1st Time Homebuyers

6 Replies

My husband and I would both be considered 1st homebuyers however we both would like to get into real estate investing. We're unsure on whether we should move forward with the programs or should we just focus on purchasing our 1st investment property?

There are some really good programs out there for first time home buyers - but it depends a lot on what you want to accomplish. Do you want to buy your own home or are you content with renting and investing in a rental property? 

If you want to purchase an investment property, then what do you want to accomplish with it? Are you looking to add to your monthly income or build a portfolio?

If you can solidify what you want to do and where you want your investments to take you, you will be in a better position to decide which programs will help you to reach your goals. 

We want to build a portfolio and we don't have a problem with living in the house but we aren't sure how long we will be there. We may move out of the state. BUT we don't want to lose our opportunity to take advantage of the 1st time home buyers programs. I think once you purchase a property you're no longer eligible.

@Shaquetta Chittams  Unless you are referring a local state/county/city incentive/assistance program, there is no "program" for 1st time home buyers on the mortgage side. As a 1st time home buyer you can get a conventional mortgage with just 5% down, but that's about it.

You can get a 3.5% down FHA loan at any point, as long as the property is owner occupied.

Can you please be specific as to what you are referring to when you say "programs"?

Upen Patel, Mortgage Banker

Federal NMLS# 1374243

Yes, I am referring to a local state/county/city incentive/assistance program. We are also looking into the option of a FHA 203k. It's our understanding you only have to live in the property for 1 year which we can definitely do. But with the other option we can get up to 20k in incentives but I think the programs require a longer commitment and we are unsure of where we will be that far out.

Hey @Shaquetta Chittams ,

I am newbie and I a similar boat to you and your Husband. Have been grappling with the same situation here in Virginia about how to get into the investing side of things.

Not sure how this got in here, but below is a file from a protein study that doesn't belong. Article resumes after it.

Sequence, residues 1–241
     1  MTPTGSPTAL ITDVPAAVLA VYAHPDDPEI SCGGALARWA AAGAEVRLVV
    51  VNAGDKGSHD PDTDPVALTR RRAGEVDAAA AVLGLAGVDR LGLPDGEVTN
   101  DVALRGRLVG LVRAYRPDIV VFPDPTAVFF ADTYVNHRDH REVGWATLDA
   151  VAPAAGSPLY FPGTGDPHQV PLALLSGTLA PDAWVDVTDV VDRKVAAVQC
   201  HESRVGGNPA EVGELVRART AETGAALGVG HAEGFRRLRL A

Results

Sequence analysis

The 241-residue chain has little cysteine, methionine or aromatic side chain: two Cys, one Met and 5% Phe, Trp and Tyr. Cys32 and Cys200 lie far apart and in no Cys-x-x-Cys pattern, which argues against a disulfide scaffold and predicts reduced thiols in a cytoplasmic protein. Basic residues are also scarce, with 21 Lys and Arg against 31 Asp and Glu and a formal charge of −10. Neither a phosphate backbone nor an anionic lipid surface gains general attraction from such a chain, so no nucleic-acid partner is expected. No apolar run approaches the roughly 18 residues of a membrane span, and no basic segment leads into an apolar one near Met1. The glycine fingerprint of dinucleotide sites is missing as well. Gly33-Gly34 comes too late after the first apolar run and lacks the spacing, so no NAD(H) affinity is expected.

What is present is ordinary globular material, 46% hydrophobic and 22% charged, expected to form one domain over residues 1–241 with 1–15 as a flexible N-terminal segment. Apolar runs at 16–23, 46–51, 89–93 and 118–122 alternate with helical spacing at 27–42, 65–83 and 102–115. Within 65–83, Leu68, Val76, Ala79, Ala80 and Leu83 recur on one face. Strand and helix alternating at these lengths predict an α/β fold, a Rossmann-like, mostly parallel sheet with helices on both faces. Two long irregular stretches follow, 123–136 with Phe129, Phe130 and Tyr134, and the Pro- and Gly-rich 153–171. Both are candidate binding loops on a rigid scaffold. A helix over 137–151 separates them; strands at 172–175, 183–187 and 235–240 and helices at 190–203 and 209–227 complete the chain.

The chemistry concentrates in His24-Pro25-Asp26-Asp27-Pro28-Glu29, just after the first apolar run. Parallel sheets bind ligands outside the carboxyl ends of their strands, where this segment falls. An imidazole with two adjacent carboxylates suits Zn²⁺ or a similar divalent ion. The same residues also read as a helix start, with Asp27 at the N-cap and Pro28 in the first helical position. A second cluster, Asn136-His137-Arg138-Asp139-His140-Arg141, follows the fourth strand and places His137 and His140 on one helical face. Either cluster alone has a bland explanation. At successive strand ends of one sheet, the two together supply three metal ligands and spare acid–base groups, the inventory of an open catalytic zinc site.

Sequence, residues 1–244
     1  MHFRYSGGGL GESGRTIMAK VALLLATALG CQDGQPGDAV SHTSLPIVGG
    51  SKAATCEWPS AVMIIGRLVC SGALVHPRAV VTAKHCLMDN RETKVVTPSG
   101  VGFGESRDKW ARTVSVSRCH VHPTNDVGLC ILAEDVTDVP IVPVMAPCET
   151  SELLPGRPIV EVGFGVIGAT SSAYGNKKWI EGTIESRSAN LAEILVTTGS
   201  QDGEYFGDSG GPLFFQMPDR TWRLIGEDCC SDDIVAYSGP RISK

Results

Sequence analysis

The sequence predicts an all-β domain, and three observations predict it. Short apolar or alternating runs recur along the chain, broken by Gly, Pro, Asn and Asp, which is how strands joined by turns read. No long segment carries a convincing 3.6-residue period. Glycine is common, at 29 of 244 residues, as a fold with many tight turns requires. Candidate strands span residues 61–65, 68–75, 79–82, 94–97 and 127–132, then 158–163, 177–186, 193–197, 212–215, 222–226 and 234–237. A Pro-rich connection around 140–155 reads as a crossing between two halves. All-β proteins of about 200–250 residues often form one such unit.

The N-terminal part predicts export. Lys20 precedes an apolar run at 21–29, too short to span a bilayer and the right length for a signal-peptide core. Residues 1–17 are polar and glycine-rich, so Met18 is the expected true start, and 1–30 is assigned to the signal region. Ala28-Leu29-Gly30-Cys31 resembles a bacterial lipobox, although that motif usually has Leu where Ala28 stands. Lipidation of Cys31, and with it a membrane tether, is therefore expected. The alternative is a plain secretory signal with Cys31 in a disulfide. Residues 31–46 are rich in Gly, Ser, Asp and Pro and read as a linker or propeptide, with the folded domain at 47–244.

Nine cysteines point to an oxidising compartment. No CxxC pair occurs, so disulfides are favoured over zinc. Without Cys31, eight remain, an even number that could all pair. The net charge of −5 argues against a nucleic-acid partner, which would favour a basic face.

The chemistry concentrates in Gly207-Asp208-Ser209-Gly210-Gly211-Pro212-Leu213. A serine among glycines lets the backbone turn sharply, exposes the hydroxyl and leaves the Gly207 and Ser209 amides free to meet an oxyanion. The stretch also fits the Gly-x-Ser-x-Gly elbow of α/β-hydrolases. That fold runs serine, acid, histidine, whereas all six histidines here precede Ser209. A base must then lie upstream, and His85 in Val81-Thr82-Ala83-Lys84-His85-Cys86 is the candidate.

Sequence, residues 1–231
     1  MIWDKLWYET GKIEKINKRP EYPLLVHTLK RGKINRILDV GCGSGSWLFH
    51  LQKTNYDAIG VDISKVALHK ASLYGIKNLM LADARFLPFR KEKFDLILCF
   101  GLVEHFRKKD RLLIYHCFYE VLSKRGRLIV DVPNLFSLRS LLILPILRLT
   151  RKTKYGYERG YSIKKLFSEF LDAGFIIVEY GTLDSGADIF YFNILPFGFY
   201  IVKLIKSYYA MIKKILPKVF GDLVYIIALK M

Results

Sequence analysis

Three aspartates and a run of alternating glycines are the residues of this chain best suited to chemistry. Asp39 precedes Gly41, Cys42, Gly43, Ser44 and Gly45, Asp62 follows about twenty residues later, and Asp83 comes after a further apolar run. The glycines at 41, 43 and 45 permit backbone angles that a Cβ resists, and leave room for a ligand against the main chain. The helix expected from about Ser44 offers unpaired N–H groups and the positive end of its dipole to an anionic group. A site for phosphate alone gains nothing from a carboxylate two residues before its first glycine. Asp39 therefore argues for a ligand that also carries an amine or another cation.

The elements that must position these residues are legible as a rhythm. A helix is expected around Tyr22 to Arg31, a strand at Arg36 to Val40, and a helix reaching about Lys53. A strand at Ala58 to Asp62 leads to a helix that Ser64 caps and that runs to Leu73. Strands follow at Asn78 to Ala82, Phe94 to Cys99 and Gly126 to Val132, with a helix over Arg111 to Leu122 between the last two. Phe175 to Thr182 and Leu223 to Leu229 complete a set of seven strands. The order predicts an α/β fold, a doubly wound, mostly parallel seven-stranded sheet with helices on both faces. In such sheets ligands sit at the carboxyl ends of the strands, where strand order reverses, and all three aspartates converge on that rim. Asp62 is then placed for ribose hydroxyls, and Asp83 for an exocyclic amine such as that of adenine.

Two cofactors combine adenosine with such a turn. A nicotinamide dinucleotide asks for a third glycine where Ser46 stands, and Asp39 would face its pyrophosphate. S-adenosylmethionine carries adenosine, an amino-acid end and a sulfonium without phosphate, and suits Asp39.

Heres what I know. We will be using a 'conventional 97' to put 3℅ down. This gets us in the door cheap considering closing cost of about 3℅ and ONE CAVEAT! The 97 loan requires putting into escrow a one time payment of an annual premium (total of what your year's monthly payments would be) at closing. Plus you have to put into escrow 2 mounths worth of a monthly premiums (paid on your 97 loan just like having PMI on an FHA) as well as 2 mounths of home owners insurance. Here are some example numbers my banker and I where looking at yesterday:

150,000 home w/ 3℅ down = 4,500

3℅ closing cost (Aiming high here) = 4,500

Escrow costs: 55 monthly for loan premium. 

Multiply premium by 12 for annual premium payment to = 660 (a one time charge essentially)

Then 2 months each of your loan premium @ 55 and say home owners insurance @ 50.

(2x55) + (2x50) = 210 

So escrow = 870ish

Down payment = 4,500

And closing = 4,500

Of course you should have some RESERVES, but all in all your costs are under 10,000.

The point of all this is to say that FHA is expensive in comparison when you have to pay PMI and an upfront charge of 1.75℅ and then an annual 1.25℅ charge. In addition there are some funny rules about owner occupancy related to FHA and that CA. Just slow you down.

A really big thing to think about Shaquetta is that in order to avoid Capital Gains Tax you must live in a property for 2 out of 5 years before selling. That could change your investment strategy.

Have you heard of BRRRR? If you are thinking of a 203k than BRRRRing it may be the best way to build your portfolio.

Any who, hope this helped.

Again I am a newbie so talk w/ your bank too!

Cheers!

@Dylan Farish I've heard of BRRR but I'm not completely familiar with how it works (googling now!). Also, I didn't know "to avoid Capital Gains Tax you must live in a property for 2 out of 5 years before selling." That may change things. I was under the impression if you use the profits to invest into another property you wouldn't have to worry about the capital gains tax, but I could be mistaken. I'm really new to all this. But you've definitely given me something to think about. Good Luck! I'd love to hear about your progress.

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